Search Images Maps Play YouTube News Gmail Drive More »
Sign in
Screen reader users: click this link for accessible mode. Accessible mode has the same essential features but works better with your reader.

Patents

  1. Advanced Patent Search
Publication numberUS7408045 B2
Publication typeGrant
Application numberUS 11/490,095
Publication dateAug 5, 2008
Filing dateJul 21, 2006
Priority dateApr 5, 2000
Fee statusPaid
Also published asEP1192963A1, EP1192963A4, US20020164644, US20060258853, WO2001074420A1
Publication number11490095, 490095, US 7408045 B2, US 7408045B2, US-B2-7408045, US7408045 B2, US7408045B2
InventorsIkuro Maruyama, Nobuo Ida, Sanae Masuko
Original AssigneeToray Industries, Inc.
Export CitationBiBTeX, EndNote, RefMan
External Links: USPTO, USPTO Assignment, Espacenet
Adsorbent of high-mobility-group protein and body fluid-purification column
US 7408045 B2
Abstract
An adsorbent of high-mobility-group proteins (HMG protein) which can remove HMG protein in body fluid is disclosed. The adsorbent according to the present invention has a water-insoluble carrier on which (a) substance(s) having (a) hydrogen-bondable functional group(s) and/or (a) hydrophobic functional group(s) is(are) immobilized.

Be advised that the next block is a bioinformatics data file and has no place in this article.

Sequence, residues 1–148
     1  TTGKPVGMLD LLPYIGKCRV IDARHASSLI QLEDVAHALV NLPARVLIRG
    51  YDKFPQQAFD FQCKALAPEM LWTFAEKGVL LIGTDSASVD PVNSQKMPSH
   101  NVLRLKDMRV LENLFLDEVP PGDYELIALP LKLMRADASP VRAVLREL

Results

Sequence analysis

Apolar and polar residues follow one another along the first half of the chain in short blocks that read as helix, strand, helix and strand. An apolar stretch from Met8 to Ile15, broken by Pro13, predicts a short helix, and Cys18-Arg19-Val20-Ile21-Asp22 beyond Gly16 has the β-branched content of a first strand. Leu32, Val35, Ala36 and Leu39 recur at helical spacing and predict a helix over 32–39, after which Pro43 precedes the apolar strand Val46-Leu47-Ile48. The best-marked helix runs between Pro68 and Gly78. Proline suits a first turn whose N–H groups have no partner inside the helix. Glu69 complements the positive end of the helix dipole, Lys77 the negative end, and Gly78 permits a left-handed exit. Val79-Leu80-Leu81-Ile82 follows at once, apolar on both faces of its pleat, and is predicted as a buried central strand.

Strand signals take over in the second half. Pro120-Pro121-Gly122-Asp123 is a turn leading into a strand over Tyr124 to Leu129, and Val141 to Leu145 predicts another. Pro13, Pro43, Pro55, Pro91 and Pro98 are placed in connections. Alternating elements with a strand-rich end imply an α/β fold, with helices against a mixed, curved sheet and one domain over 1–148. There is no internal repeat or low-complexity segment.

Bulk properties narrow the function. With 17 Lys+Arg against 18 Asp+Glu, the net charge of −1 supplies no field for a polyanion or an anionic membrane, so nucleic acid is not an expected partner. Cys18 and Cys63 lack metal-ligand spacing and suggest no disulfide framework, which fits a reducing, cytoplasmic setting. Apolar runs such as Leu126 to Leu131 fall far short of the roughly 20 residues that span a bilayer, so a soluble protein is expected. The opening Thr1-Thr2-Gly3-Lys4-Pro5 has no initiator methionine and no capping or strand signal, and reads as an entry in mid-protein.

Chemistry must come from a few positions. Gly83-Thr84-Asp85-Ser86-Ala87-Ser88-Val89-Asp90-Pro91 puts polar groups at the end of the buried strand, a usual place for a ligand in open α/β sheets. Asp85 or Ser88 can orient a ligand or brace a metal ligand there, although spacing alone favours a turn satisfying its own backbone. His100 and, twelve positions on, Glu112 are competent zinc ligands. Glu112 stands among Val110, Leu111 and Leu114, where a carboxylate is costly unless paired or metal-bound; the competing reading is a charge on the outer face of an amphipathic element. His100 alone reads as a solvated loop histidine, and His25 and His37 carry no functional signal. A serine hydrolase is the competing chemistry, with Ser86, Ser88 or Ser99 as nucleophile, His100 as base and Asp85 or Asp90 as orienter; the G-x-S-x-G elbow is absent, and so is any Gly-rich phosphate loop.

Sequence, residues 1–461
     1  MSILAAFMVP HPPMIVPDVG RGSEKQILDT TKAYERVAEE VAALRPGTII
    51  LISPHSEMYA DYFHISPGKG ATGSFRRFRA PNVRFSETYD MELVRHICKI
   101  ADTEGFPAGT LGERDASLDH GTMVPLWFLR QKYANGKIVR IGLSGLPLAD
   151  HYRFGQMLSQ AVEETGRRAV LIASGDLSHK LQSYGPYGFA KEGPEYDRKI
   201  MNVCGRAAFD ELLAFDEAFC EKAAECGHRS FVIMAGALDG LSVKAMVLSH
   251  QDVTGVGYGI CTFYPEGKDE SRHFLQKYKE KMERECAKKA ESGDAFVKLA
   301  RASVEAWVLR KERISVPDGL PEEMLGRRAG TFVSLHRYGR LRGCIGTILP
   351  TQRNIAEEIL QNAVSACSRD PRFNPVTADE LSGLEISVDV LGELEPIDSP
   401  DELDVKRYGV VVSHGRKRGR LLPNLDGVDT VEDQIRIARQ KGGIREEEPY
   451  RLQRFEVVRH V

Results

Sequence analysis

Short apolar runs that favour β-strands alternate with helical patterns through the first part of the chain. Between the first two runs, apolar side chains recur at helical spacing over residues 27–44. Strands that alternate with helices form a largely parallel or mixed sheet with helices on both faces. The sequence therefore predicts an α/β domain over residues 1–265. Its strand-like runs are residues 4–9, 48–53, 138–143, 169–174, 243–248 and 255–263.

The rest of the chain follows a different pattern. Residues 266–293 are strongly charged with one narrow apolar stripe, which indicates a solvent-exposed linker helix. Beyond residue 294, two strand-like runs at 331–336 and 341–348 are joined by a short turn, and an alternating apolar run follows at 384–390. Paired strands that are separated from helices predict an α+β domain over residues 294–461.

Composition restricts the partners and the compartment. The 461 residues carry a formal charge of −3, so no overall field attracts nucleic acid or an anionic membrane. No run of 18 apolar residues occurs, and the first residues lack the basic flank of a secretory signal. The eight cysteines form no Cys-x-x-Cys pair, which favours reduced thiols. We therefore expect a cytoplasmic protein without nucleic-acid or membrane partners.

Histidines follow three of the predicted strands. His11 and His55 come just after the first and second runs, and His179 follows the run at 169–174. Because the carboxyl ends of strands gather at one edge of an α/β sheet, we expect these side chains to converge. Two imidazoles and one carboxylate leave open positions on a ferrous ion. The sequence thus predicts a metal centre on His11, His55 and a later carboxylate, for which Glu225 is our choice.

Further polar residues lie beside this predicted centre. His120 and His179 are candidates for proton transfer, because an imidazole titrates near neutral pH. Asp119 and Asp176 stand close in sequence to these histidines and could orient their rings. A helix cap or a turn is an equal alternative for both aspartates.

Images(6)
Previous page
Next page
Claims(22)
1. A method for adsorbing high-mobility-group proteins in body fluid, comprising:
contacting an adsorbent with body fluid so as to adsorb said high-mobility-group proteins in said body fluid to said adsorbent;
wherein said adsorbent comprises a water-insoluble carrier on which a substance(s) having a hydrogen-bondable functional group(s) and/or a hydrophobic functional group is(are) immobilized, and
wherein said adsorbent has a rate of adsorption for high-mobility-group proteins of not less than 50%, and has a rate of adsorption for serum albumin of not more than 20% and wherein said body fluid is blood.
2. The method according to claim 1, which is carried out by using a body fluid-purification column for removing high-mobility-group proteins, said body fluid-purification column comprising a column and said absorbent is packed in said column.
3. The method according to claim 1, wherein the body fluid is obtained from a patient that has sepsis.
4. The method according to claim 3, which is carried out by using a body fluid-purification column for removing high-mobility-group proteins, said body fluid- purification column comprising a column and said absorbent is packed in said column, together with a body fluid-purification column(s) which adsorbs a substance(s) originating from bacteria.
5. The method according to claim 2, wherein extracorporcal circulation of whole blood is attained by said body fluid-purification column step.